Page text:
Today the value of DevOps is well understood, at least by IT professionals. In the IT community, DevOps is almost universally accepted as being superior to traditional software development. By breaking down departmental silos, DevOps unifies development and operations teams in the goal of delivering better software products faster and more frequently.
DevOps has been a dominant approach for almost ten years. More recently though, we’ve seen a growing interest in DevSecOps, and rightly so. By explicitly adding “security” to the DevOps philosophy and name, DevSecOps incorporates the necessary emphasis on defending against increasingly frequent and dangerous attacks on data security. How important is that emphasis? Important enough for us to suggest that all DevOps should involve at least some of the elements of DevSecOps.
To be clear, improved security has always been part of the intention of DevOps. The methodology allows building, testing, and deployment to happen faster and more often, and that alone should be a boon to security. Any approach that supports frequent iteration makes it possible to spot and fix vulnerabilities quickly. And the faster vulnerabilities are caught and corrected, the fewer points of exposure there will be for ransomware, intrusions and data leakage — at least in theory.
In practice, though, DevOps’ reliance on velocity and automation can create its own Achilles’ heel when security teams are unable to keep up with the number of releases being shipped. Massive breaches still happen with frightening regularity, and they still happen at organizations large enough to have the wherewithal to defend themselves. This stark reality points to a need to prioritize security from the earliest stages of software development. Put another way, this reality is pointing to a need for the principles underlying DevSecOps.
Think of DevSecOps as the logical and necessary evolution of DevOps. Like DevOps, DevSecOps combines the functions of an organization’s development and operations teams. On top of that approach, though, DevSecOps makes everyone responsible for security, and it incorporates security right from the start of the coding process (rather than attempting to apply it later, or worse yet, retroactively). Under DevSecOps, security has its own metrics and goals, and they become part of the same development pipeline used by both the development and operation teams. So now, Dev and Ops have to think about more than velocity and uptime. Under DevSecOps, every member of the team is graded on everyone else’s goals, including vulnerabilities detected within systems and code. This integration of security into the earlier stages of software development is what allows security to scale and keep up with the increased velocity achieved through traditional DevOps practices.
DevSecOps is about improved tools, certainly, but it is more noticeably about building a culture that prioritizes security throughout the enterprise. Rather than centralizing control over security matters, DevSecOps empowers business operators with tools and processes that help with security decisions. And, in its purest form, DevSecOps asks security teams to “eat your own dog food” — in other words, to abide by the same security requirements that apply to teams across the organization. When, for example, a security practitioner has to ensure that their security controls are automated and capable of scaling with more frequent releases, he or she will quickly understand the pain points traditionally faced by their peers with regards to security.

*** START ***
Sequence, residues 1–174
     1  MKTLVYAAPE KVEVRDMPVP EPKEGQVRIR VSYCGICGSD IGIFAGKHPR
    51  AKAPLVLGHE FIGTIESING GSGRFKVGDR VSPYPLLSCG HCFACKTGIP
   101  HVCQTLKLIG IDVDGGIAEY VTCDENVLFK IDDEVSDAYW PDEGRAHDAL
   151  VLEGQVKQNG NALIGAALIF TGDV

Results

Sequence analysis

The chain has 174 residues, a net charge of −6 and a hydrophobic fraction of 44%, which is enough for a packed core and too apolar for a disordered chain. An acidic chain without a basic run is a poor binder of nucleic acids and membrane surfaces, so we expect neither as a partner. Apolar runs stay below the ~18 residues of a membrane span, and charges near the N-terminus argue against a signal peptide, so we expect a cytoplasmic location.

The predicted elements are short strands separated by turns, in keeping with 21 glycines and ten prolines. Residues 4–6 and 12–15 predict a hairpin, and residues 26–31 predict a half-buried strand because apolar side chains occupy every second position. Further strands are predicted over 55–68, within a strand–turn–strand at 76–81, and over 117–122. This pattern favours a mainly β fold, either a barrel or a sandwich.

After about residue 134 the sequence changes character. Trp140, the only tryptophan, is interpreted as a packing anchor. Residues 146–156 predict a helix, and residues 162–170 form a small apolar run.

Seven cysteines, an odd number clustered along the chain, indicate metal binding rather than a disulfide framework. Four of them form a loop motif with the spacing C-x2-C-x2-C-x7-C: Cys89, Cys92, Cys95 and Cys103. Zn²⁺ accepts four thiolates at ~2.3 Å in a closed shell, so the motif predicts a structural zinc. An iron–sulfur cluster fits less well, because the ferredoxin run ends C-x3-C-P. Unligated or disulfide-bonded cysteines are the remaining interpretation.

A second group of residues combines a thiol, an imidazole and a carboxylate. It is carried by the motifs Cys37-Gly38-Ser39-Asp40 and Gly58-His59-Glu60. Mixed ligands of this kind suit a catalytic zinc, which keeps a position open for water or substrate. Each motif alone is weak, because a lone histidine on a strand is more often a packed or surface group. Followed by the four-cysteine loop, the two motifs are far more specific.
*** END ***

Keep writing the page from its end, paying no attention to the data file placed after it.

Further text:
The DevSecOps culture also steps up the vigilance around exploitable vulnerabilities. While traditional security methods test hypothetical threats as suggested by (usually) a central authority, the DevSecOps practitioner prefers to think like the enemy. Under DevSecOps, systems are routinely exposed to mock attacks that mimic today’s real-world threats. Moreover, the DevSecOps philosophy accepts the reality that some security breaches will inevitably succeed. Thus, it thinks in terms of creating infrastructure and code that can be re-stacked quickly while still providing data security and availability.
Much of DevOps’ success has stemmed from treating infrastructure as code. That revolutionary mindset allowed functional testing to “shift left,” or earlier in the development lifecycle, which in turn allowed bugs to be detected and fixed before they could make their way into production. DevSecOps improves on DevOps by ensuring that security gets shifted left, as well. By treating security as code, organizations can improve the defense of their data through automated testing.
DevOps demonstrated an unprecedented strength in delivering better quality products faster. Under the DevSecOps philosophy, baked-in security is part of quality, and it will be tested just as rigorously as functionality.
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